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I was reading an NPR article titled ‘The Aging Brain Is Less Quick, But More Shrewd’ by Michelle Trudeau about older brains:
“The area of the brain that showed the increases was the frontal lobe, the thinking brain, especially in areas that control decision making and working memory,” Small says. One interpretation of his findings, he says, is that with practice, a middle-age brain can very quickly alter its neuron-circuitry, can strengthen the neuron circuits that control short-term memory and decision making.
I disagree that everyone’s middle aged brain is slow, one of the gifts that I have always had is a quick starting brain. Possibly others have other gifts?
It’s interesting that articles often come in groups (like buses) because I had just read an interview with Barbara Strauch author of “The Secret Life of the Grown-Up Brain: The Surprising Talents of the Middle-Aged Mind,” in a New York Times article The Talents of a Middle-Aged Brain by Tara Parker-Pope. She brings up a few interesting points about the advantages of an older brain compared to a younger brain:
Inductive reasoning and problem solving — the logical use of your brain and actually getting to solutions. We get the gist of an argument better. We’re better at sizing up a situation and reaching a creative solution. They found social expertise peaks in middle age. That’s basically sorting out the world: are you a good guy or a bad guy? Harvard has studied how people make financial judgments. It peaks, and we get the best at it in middle age.
What we have by middle age is all sorts of connections and pathways that have been built up in our brain that help us. They know from studies that humans and animals do better if they have a little information about a situation before they encounter it. By middle age we’ve seen a lot. We’ve been there, done that. Our brains are primed to navigate the world better because they’ve been navigating the world better for longer.
There also are some other physical changes that they can see. We used to think we lost 30 percent of our brain cells as we age. But that’s not true. We keep them. That’s probably the most encouraging finding about the physical nature of our brain cells.
I noted when I pitched at TheFounded.com Showcase in January that the winner had a fascinating technology (which I have actually forgotten now – must be the middle aged brain!), we were all seduced & voted for him. However he had no business model or earn revenue. Another shiny toy with no staying power or meeting a need by the public??? Vivek Wadhwa over at TechCrunch also wrote a post last year When It Comes To Founding Successful Startups, Old Guys Rule (Note that I had chosen my title for this article before finding this post).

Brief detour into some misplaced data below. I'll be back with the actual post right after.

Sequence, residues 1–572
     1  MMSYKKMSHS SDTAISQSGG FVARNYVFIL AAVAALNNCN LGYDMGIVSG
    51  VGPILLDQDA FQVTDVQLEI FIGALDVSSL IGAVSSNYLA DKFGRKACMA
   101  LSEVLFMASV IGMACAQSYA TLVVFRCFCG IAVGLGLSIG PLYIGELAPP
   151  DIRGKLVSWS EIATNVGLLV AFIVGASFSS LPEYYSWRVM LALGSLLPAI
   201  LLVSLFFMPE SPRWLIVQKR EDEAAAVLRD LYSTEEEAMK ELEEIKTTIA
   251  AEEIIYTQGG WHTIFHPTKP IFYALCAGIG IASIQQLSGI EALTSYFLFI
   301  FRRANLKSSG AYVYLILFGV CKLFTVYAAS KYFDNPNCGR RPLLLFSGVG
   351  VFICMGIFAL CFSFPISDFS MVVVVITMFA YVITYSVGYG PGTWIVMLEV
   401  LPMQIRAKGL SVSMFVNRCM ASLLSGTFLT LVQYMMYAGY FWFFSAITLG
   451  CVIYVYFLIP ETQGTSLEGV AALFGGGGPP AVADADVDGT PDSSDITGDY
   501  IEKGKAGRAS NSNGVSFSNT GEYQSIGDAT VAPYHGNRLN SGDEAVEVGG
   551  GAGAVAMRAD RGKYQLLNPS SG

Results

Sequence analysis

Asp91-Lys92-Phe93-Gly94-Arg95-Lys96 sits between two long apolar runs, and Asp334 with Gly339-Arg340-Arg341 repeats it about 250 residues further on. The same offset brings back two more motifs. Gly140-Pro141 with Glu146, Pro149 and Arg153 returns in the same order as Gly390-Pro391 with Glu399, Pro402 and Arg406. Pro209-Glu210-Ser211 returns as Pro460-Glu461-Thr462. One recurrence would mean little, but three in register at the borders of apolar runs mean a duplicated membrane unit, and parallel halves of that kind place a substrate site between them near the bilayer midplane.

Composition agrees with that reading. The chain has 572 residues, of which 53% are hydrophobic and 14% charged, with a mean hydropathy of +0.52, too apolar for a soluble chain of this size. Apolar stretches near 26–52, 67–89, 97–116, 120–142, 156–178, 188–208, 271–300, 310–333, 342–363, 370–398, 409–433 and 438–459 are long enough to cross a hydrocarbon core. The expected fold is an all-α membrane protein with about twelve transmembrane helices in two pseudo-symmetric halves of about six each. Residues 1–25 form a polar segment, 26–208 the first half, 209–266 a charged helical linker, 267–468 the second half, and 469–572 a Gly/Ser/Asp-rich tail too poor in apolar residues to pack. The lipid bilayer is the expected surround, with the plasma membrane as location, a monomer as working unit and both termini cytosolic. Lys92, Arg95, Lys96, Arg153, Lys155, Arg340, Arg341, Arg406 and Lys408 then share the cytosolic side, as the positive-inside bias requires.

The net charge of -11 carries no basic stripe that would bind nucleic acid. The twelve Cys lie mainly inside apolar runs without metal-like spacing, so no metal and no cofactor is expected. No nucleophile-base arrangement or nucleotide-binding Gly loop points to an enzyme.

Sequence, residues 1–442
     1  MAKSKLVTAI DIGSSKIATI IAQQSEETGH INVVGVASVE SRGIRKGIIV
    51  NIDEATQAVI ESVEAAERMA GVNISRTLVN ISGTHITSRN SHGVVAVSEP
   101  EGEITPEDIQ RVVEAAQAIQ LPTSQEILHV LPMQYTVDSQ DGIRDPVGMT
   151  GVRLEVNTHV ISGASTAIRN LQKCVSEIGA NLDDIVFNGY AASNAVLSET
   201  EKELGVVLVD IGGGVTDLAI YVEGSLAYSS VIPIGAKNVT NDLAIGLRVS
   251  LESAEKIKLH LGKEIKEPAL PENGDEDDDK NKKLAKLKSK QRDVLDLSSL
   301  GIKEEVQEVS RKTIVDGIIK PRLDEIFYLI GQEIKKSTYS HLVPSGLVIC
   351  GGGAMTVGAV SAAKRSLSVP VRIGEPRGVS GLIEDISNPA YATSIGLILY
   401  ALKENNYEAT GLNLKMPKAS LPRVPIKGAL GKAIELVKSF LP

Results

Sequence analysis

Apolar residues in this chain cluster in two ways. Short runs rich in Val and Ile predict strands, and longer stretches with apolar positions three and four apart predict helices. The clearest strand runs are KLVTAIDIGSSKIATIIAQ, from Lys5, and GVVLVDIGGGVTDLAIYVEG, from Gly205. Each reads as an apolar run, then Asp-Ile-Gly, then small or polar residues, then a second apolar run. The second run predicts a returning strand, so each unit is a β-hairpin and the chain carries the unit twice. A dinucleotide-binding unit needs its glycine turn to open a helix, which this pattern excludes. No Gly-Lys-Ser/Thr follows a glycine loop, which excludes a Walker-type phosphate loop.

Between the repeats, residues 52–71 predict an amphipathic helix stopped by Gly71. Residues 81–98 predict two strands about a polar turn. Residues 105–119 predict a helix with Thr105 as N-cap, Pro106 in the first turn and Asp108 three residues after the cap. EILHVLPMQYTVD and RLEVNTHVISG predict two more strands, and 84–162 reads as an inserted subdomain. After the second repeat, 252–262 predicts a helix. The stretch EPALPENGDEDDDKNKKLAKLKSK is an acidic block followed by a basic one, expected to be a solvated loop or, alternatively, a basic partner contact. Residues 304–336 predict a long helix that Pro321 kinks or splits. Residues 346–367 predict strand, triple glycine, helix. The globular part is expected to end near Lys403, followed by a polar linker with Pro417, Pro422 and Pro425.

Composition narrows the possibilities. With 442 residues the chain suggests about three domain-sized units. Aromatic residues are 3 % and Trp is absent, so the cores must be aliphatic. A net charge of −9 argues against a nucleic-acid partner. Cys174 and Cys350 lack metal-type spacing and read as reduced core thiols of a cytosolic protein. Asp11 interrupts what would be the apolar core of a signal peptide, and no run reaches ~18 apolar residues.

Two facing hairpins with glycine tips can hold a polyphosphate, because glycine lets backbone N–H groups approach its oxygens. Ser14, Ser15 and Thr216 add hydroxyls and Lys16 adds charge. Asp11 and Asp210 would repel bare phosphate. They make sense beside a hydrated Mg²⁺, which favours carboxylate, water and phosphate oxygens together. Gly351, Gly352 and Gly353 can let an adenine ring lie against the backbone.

I have a few theories about why VC’s favor the young. First, VC’s tend to travel in herds. For the last decade, the herd has been all about the Internet. And Internet startups require a lot less sophistication and coordination than, say, a telecom gear startup, an enterprise software startup, or a biotech startup. Everything from the product development processes to sales processes are far more complex for these types of products. I also think that in its Web 2.0 infatuation, Silicon Valley has probably funded a huge number of companies that are really features and not companies. It’s very easy to build a feature and call yourself a CEO. It’s much harder to actually grow a company, something that, according to my research, old guys appear to be better at.
Secondly, and this is speculation but I have some personal experience in this area. Younger CEOs are probably easier to push around. Wet-behind the ears and inexperienced, young CEOs are probably far more likely to sign onerous term sheets out of sheer gratitude for getting funded. Old guys know better than to sign a term-sheet loaded with a nasty double-trigger option acceleration that would consign the founders to indentured servitude for years after a liquidity event.
Lastly, it could be that VC’s share Schmidt’s stated belief that young entrepreneurs don’t like the hassles of running big companies so they’ll let VC’s bring in adult management. I don’t know if this is the reality, but I do know that the old guys are different. A paper by my team, which the Kauffman Foundation will publish this month, finds that only about a quarter of the (old) founders of the venture backed companies we surveyed ranked the advice of their investors as really important. (Nearly all valued the money, though). So VC’s may be just going where they think they’re most wanted or where they can most easily have their way.
Nine of our eleven entrepreneurs are in their 30s. One is in his 20s, and one is in his 50s.
That says to me that prime time entrepreneurship is 30s. And its possibly getting younger as web technology meets youth culture.
However BusinessWeek have an article (that is more accurate about where the mid life actually resides) Entrepreneurship: The New Mid-Life Crisis by Nick Leiber:
The study found that over the past 10 years, most company founders were between the ages of 55 and 64. This goes against the stereotype of the college drop-out entrepreneur á la Bill Gates and Mark Zuckerberg.
Any society that discounts their mature population, are at risk of losing the plot and the experience & wisdom that this sector offers business. We are left at risk of becoming a virtual society which is not grounded in reality. Business needs good models to earn revenue, models that are ethical & benefit the community along with the business. I often think that I would never want to be 20 again know what I know now! And there are many of us out there!